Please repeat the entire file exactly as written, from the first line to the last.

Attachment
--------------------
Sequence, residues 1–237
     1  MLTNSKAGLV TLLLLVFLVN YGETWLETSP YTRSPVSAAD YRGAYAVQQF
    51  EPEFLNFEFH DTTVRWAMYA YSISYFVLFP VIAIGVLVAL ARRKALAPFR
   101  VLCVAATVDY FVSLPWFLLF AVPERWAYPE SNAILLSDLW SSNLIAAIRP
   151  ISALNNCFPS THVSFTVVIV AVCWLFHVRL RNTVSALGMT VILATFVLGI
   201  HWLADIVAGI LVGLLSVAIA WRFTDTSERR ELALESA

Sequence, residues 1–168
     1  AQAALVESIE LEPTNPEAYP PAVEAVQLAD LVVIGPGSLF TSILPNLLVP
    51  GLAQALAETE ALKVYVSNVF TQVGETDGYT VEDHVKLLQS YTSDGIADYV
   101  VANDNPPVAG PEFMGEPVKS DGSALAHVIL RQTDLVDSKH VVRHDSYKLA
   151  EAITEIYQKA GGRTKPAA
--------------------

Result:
Sequence, residues 1–237
     1  MLTNSKAGLV TLLLLVFLVN YGETWLETSP YTRSPVSAAD YRGAYAVQQF
    51  EPEFLNFEFH DTTVRWAMYA YSISYFVLFP VIAIGVLVAL ARRKALAPFR
   101  VLCVAATVDY FVSLPWFLLF AVPERWAYPE SNAILLSDLW SSNLIAAIRP
   151  ISALNNCFPS THVSFTVVIV AVCWLFHVRL RNTVSALGMT VILATFVLGI
   201  HWLADIVAGI LVGLLSVAIA WRFTDTSERR ELALESA

Sequence, residues 1–168
     1  AQAALVESIE LEPTNPEAYP PAVEAVQLAD LVVIGPGSLF TSILPNLLVP
    51  GLAQALAETE ALKVYVSNVF TQVGETDGYT VEDHVKLLQS YTSDGIADYV
   101  VANDNPPVAG PEFMGEPVKS DGSALAHVIL RQTDLVDSKH VVRHDSYKLA
   151  EAITEIYQKA GGRTKPAA